Leading Museums, Museum Leaders

Kim Williams on Q&A

Q&A: Bill Leak racism debate prompts protest, claim Australia lagging behind in dealing with race, ABC News, 14 March 2017

Emotions ran high as a panel of arts industry professionals discussed the work and passing of controversial Australian cartoonist Bill Leak during Monday night’s Q&A program.

The panellists condemned what an audience member described as some sections of the left wing celebrating Leak’s death on Friday, but they also criticised his infamous 2016 cartoon depicting an Indigenous man with a beer can who could not remember his son’s name.

Cartoon called an "attack" on Indigenous Australians

PHOTO: The cartoon depicts Aboriginal people as bad role models, a community leader says. (The Australian: Bill Leak)

The debate prompted a woman in the Q&A audience to shout “Bill Leak is a racist”, before she was ejected from the venue.

Panellist, Canadian singer-songwriter Martha Wainwright, then declared Australia “a little far behind” on dealing with racial issues.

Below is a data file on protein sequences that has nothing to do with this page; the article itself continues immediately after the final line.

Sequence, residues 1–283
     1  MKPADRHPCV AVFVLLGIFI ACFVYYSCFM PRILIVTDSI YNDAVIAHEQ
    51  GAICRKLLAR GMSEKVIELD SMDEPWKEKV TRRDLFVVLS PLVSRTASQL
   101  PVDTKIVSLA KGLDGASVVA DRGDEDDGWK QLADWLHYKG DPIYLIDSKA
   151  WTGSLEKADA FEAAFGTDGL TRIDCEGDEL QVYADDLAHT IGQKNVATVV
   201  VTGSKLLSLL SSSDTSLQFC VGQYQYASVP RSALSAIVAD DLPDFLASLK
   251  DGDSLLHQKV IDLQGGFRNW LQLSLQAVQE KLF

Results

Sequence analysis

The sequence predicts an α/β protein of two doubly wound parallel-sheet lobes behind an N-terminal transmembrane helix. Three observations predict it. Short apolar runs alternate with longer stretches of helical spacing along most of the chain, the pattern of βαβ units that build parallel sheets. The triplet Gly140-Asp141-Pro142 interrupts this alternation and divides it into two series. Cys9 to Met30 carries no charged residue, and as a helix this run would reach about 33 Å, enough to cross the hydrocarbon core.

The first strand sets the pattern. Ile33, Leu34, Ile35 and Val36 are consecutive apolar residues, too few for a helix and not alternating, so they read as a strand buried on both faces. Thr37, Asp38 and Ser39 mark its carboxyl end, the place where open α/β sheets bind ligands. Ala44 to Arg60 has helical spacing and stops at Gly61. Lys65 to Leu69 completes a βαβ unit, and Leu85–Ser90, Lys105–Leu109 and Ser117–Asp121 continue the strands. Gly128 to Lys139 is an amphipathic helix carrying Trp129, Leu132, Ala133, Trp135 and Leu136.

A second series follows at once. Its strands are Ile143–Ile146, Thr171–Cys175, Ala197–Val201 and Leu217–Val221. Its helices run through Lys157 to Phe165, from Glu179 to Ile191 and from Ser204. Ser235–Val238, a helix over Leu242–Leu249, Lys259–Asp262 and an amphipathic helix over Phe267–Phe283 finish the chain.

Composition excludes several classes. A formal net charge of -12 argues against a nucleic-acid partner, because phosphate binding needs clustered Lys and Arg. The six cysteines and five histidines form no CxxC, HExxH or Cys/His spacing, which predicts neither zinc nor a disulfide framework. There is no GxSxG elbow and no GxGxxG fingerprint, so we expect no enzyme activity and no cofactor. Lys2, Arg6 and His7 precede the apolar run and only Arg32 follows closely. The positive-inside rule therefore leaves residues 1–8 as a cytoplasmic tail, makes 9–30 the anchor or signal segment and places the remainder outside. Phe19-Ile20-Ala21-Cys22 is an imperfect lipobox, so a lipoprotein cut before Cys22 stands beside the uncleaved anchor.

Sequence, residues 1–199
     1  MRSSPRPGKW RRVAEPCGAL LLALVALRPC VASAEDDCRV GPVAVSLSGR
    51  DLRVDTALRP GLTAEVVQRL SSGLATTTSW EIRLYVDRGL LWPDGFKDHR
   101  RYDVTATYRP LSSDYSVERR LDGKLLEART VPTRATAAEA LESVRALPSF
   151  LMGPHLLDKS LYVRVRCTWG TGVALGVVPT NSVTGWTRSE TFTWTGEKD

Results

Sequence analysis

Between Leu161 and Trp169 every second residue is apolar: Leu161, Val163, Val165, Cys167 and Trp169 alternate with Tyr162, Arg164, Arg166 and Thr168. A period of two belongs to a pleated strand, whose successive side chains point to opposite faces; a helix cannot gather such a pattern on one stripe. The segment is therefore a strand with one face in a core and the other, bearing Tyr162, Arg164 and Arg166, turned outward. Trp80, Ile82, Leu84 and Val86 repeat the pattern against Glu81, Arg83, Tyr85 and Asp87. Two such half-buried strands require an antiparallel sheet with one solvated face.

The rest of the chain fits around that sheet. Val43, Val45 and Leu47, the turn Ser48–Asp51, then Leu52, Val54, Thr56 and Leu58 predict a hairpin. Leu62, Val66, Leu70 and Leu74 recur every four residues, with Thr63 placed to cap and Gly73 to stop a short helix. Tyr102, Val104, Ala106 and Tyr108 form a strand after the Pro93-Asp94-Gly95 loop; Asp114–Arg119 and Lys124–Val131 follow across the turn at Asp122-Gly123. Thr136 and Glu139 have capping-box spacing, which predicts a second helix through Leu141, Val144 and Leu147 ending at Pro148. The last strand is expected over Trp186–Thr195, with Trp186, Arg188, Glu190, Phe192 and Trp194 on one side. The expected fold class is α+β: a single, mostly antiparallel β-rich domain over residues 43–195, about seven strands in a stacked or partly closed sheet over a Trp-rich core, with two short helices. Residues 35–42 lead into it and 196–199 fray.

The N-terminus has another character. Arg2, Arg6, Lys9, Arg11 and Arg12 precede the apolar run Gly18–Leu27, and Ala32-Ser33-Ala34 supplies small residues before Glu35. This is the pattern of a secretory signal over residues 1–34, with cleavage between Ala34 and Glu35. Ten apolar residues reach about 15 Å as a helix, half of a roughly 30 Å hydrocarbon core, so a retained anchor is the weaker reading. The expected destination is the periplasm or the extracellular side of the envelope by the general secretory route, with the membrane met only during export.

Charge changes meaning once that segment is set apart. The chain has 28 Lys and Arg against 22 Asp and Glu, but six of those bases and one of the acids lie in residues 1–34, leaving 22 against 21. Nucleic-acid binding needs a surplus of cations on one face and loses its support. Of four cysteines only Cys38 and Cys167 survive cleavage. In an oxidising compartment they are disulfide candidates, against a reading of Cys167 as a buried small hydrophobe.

“I don’t think he [Leak] would have gotten away with it in Canada,” she said.

“In North America there’s some parallel histories, but that kind of stuff — those kind of drawings and satires — were given up a while ago.”

Fellow panellists, author Mem Fox, former media executive Kim Williams and theatre and opera director Neil Armfield praised Leak’s body of work but agreed the 2016 cartoon was offensive.

Fox linked the argument to debates around free speech and political correctness.

“We are fighting for the right to be insulting and offensive. This is most odd,” she said.

“…There is another word for political correctness. And it is a simple word. It’s called politeness.”

Fellow panellist, Indigenous actress and singer Ursula Yovich said Leak’s cartoon highlighted racism she and other Aboriginal people faced “on a day to day basis”.

“I think if you have a platform as he did, you do have to have some kind of responsibility with what you put out there. I’m all for free speech,” she said.

“…There’s no limitation to what you can say but you do have a responsibility and you have to make amends if you’re going to say something stupid or if you’re going to say hateful things.”

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